urges children of the universe to, “Go placidly amid the noise and haste” and “be on good terms with all persons”. Horror and fantasy author Neil Gaiman puts his unique spin on this in Instructions and it works brilliantly. Supported by superb illustrations from Charles Vess, Gaiman uses a fairytale world of witches, goblins and predators waiting to feast on the unwary, to urge respect and goodwill for all places and people. Gaiman’s message is to “trust your heart”, tread carefully and fear not adventure. Parents would do well to arm all their children with these instructions for life.

Believe. That’s the first piece of advice author David Shenk gives parents who want to inspire their charges towards excellence. “Rather than wonder if their child is among the ‘gifted’ chosen few, parents should believe deeply in the extraordinary potential of their children,” he writes in his revolutionary new book. “Without that parental faith, it is highly unlikely that significant achievement will occur.” Integrating cutting-edge research from many disciplines, Shenk brings a highly optimistic new view of human potential: The problem isn’t our inadequate genetic assets, but our inability, so far, to tap into what we already have.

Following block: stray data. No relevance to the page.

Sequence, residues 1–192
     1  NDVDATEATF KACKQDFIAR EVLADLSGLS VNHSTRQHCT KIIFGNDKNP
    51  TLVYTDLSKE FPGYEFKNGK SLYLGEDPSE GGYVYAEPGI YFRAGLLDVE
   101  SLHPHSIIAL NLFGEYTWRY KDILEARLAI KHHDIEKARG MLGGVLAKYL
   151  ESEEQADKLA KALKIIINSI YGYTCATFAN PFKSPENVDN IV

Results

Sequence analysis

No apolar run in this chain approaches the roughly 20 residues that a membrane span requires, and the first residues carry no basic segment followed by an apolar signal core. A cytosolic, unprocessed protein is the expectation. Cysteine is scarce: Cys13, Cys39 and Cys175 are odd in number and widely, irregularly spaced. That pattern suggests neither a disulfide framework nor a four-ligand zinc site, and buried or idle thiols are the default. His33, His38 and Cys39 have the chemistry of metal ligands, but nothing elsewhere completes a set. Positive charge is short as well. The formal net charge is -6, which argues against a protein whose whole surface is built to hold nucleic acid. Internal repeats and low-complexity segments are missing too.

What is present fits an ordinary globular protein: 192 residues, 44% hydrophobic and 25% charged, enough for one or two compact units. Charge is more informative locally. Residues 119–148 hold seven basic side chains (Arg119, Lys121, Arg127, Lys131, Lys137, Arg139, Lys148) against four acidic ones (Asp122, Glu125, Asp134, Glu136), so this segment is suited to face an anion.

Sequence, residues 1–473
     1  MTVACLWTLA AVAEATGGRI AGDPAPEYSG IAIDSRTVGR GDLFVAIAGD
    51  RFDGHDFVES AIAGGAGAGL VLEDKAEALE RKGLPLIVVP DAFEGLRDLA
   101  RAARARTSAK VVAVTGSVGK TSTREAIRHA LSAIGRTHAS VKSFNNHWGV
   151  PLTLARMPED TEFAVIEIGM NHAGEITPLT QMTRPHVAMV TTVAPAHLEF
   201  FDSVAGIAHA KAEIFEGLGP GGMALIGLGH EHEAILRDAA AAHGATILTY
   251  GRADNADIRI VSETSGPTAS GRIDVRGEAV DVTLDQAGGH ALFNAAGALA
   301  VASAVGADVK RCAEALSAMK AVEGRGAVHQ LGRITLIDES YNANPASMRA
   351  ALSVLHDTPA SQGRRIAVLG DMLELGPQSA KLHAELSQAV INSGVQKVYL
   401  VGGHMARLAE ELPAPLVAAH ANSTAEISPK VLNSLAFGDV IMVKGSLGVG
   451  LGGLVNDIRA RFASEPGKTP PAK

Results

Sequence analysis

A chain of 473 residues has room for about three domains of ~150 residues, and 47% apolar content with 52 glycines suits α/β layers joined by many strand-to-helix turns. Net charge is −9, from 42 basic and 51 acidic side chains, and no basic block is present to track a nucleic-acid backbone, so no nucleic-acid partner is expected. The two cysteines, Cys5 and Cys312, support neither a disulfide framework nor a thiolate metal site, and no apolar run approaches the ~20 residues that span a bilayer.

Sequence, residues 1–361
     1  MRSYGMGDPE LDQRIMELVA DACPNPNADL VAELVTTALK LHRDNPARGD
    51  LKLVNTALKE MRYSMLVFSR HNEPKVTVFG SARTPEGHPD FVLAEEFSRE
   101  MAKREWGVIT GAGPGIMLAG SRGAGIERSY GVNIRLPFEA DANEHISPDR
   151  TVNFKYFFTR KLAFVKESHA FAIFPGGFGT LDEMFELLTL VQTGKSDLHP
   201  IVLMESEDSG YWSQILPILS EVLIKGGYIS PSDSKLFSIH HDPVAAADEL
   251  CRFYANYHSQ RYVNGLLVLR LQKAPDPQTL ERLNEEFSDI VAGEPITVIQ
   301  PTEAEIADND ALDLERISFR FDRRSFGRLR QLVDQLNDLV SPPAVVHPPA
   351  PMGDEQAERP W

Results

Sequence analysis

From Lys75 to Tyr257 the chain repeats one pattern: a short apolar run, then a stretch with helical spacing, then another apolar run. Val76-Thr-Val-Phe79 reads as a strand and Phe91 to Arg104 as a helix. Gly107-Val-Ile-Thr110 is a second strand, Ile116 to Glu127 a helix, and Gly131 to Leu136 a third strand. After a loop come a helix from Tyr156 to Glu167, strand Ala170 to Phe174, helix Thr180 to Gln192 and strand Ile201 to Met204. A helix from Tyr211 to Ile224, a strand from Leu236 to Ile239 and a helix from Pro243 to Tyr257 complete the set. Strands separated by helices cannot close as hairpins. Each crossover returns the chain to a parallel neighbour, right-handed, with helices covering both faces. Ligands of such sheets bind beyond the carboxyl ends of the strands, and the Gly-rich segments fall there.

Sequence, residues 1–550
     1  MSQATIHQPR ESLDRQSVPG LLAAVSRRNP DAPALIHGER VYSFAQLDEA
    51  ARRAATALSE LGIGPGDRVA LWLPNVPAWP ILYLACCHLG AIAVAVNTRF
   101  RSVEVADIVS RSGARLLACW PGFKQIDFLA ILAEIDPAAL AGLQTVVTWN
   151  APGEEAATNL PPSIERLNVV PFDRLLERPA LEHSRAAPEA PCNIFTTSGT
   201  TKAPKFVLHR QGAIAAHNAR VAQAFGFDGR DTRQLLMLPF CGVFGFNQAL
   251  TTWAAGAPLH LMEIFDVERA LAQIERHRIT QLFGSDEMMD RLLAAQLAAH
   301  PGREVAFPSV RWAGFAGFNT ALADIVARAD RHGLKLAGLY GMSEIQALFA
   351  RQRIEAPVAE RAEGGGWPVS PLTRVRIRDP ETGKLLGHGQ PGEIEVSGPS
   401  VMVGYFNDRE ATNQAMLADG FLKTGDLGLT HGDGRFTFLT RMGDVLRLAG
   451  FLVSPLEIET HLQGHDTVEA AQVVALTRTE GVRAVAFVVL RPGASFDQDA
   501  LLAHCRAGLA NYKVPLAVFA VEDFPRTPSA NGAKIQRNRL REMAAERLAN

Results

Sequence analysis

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mazing is just one way to describe some of the creative work emanating from the art rooms of independent schools across Victoria. And now you have the chance to see some of these pieces up close. The fifth Independent Schools Victoria Annual Art Exhibition opens next Tuesday at Shell House, at 1 Spring St, Melbourne. ISV’s Anne Smith said the exhibition aimed to showcase the artistic excellence of the students in